Short Answer: What took you here, won’t take you there. Priorities change, People change, Expectations change. Hence Change becomes a must
Longer Answer: Based on my experience with startups (that I have tried to build, and the ones where I have worked so far), I have sensed this behavior of moving on very common (including my decision to move on from the ones I worked for). Now, when I look back at those people and myself who moved on, I can figure out some common traits and triggers for this outcome.
In the formative years of any start-up, when the hierarchy is still away from the organization and team members stand at a common ground sharing the sweet smell of sweat in bringing opportunity for the company. Everyone in the team sharing the ground has something in common – They all have their personal ambitions in their mind, and they are hopeful to achieve it in some time frame. The fresher in the team might be delaying his car purchase, the other guy might be postponing his marriage plans, the senior guys might be looking out their dream houses and delaying it for the big day of their startup lives, The wanna-be entrepreneur might be looking out to start his own venture soon, and the very senior ones might be waiting to become the next big venture capitalists. And almost all of them have been putting their personal lives at the back seat, hoping that this startup would give them enough to be able to spend quality time with their near and dear ones later.
[Point to be noted here is that - A startup is a group of people who are ambitious (in their own unique way ), and are ready to the pay the price of their ambitions by waiting for the good days. All these people value their ambitions more than the startup, they all take up the startup job because this is the route to materialize their ambitions later.]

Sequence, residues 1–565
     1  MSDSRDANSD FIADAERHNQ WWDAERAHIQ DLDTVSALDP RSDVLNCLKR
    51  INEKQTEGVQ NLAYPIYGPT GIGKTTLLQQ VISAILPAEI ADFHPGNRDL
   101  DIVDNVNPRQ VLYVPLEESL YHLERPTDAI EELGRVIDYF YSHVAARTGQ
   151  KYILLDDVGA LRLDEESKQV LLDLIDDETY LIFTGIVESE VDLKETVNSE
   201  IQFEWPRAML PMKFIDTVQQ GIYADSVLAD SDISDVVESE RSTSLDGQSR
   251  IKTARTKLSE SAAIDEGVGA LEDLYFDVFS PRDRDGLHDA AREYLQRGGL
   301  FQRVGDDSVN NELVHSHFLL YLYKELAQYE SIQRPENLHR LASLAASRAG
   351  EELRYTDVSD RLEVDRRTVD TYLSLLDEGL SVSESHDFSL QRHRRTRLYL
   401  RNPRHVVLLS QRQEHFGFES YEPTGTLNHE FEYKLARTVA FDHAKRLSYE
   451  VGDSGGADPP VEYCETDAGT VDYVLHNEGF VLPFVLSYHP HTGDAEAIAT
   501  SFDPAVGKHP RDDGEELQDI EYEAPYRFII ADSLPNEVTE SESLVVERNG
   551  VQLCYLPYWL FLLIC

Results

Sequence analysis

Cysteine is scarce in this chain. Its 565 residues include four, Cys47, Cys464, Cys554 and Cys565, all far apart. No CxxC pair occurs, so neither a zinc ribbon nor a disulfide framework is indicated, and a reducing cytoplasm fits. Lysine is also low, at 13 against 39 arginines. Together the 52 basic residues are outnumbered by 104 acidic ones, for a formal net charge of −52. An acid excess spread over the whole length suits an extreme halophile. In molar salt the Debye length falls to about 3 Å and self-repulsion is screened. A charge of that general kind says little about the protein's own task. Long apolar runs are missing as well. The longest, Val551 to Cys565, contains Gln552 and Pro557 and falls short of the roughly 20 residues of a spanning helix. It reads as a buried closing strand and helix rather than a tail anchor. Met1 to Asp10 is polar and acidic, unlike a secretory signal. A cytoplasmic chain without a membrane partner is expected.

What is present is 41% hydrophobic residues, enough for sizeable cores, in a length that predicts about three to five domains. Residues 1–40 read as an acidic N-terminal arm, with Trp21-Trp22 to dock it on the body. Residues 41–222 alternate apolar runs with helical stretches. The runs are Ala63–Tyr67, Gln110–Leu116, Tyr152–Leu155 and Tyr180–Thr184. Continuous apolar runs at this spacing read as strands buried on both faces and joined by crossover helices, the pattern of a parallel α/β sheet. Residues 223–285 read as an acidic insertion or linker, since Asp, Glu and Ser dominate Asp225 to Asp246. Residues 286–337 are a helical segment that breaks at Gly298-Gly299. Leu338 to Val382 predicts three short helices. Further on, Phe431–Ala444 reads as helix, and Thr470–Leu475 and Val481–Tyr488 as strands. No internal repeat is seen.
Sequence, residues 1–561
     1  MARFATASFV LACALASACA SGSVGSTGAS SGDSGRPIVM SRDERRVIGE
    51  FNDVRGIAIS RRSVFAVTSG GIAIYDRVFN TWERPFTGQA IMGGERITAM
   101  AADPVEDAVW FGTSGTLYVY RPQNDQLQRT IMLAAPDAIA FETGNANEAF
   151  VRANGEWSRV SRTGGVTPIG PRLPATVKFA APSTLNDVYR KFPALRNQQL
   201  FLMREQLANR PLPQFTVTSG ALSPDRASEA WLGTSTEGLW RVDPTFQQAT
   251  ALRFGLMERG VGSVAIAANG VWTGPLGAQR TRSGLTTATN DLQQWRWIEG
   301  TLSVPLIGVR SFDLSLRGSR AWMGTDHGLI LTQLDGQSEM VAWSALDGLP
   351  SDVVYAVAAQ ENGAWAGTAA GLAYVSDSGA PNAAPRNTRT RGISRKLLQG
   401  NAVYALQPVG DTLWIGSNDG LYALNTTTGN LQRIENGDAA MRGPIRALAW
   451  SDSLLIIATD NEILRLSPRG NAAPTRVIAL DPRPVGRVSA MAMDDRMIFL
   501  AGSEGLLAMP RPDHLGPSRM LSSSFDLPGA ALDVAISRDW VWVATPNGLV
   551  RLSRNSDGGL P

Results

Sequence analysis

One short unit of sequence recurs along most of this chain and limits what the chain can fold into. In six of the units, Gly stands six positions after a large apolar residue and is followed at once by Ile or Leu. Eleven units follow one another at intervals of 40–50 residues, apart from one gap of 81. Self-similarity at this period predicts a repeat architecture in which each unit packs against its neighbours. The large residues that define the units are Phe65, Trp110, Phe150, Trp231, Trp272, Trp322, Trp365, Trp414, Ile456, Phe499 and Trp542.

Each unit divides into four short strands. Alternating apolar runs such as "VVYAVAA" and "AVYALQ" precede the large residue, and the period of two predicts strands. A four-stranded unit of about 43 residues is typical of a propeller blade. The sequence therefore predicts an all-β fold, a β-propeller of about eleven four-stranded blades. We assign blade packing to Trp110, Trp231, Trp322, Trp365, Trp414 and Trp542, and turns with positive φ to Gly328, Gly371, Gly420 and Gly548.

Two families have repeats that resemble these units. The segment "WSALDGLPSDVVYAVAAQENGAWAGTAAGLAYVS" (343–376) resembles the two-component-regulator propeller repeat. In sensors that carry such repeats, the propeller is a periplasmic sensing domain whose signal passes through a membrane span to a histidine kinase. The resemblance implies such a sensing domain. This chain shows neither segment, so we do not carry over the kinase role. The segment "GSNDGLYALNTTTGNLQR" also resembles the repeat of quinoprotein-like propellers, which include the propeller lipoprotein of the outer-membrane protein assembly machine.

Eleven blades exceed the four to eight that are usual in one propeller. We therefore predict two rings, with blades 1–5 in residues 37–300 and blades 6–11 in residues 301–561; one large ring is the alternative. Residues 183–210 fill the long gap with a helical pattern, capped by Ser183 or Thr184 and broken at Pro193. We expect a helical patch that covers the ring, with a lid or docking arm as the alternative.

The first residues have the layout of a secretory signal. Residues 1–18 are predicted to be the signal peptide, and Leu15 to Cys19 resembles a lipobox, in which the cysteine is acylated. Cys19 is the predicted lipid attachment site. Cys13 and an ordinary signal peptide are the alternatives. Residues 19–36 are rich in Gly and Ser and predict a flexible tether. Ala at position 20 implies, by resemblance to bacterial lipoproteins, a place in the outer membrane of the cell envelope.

Once the basic structure of the team and business model gets formalized, a soft-line hierarchy creeps into the system and no one minds it at this point of time. People strive hard to achieve the common organizational goals instead of wasting time over thinking about hierarchy. The basic goal of the company is still survival and meeting its expenses.
The moment business has a proof of concept and is able to meet its running expenses, the goals start to change and then the founders start thinking of taking a leap ahead and change gears. This is the most crucial moment for the organization (externally as well internally). This is the situation when the company has to internally prepare the team to take up roles in a defined manner and set a hierarchy, and at the same time meet the market expectations.
Team members (most of them) hate this change, either because they will not get the desired role or will not have enough intrinsic motivation (because it won’t lead them to the dream they have about their near future) to play the role they are being offered. New people too join the team, and they join at different roles and positions which may or may not be acceptable to the existing team members. All in all, this is one of those volatile moments for an organization trying to scale up in the market while facing a threat of huge human resource risk internally.
I have seen people moving out at this juncture (I myself have moved out several times), and the core reason I can feel is that – In the wake of scaling up, normally startups forget to assign roles properly and fail to manage the human expectations (financial, professional, etc) of the team members. And this acts as a trigger point for the employees to evaluate their future goals for which they had joined this startup.
And eventually, an employee decides to move on!
Point to note – Employees, are after all people who are chasing their personal goals. They know what is best for them, however hard the organization might try to explain the greater common good. And when they don’t see the same happening they leave. And the trigger points are those where the company starts to act as two different people – One for serving the market, and the other one which speaks and creates stakeholders inside the organization. Often then is a mismatch between the two, and hence there is an unmet demand somewhere – either inside the organization or outside in the market. A company can not escape this situation – Either the employees will leave the organization, or customers would leave the organization. Tricky Situation to handle! ]
I wrote this post for one of the questions initiated by (@vijayanands ) at Quora, you can read the original post here.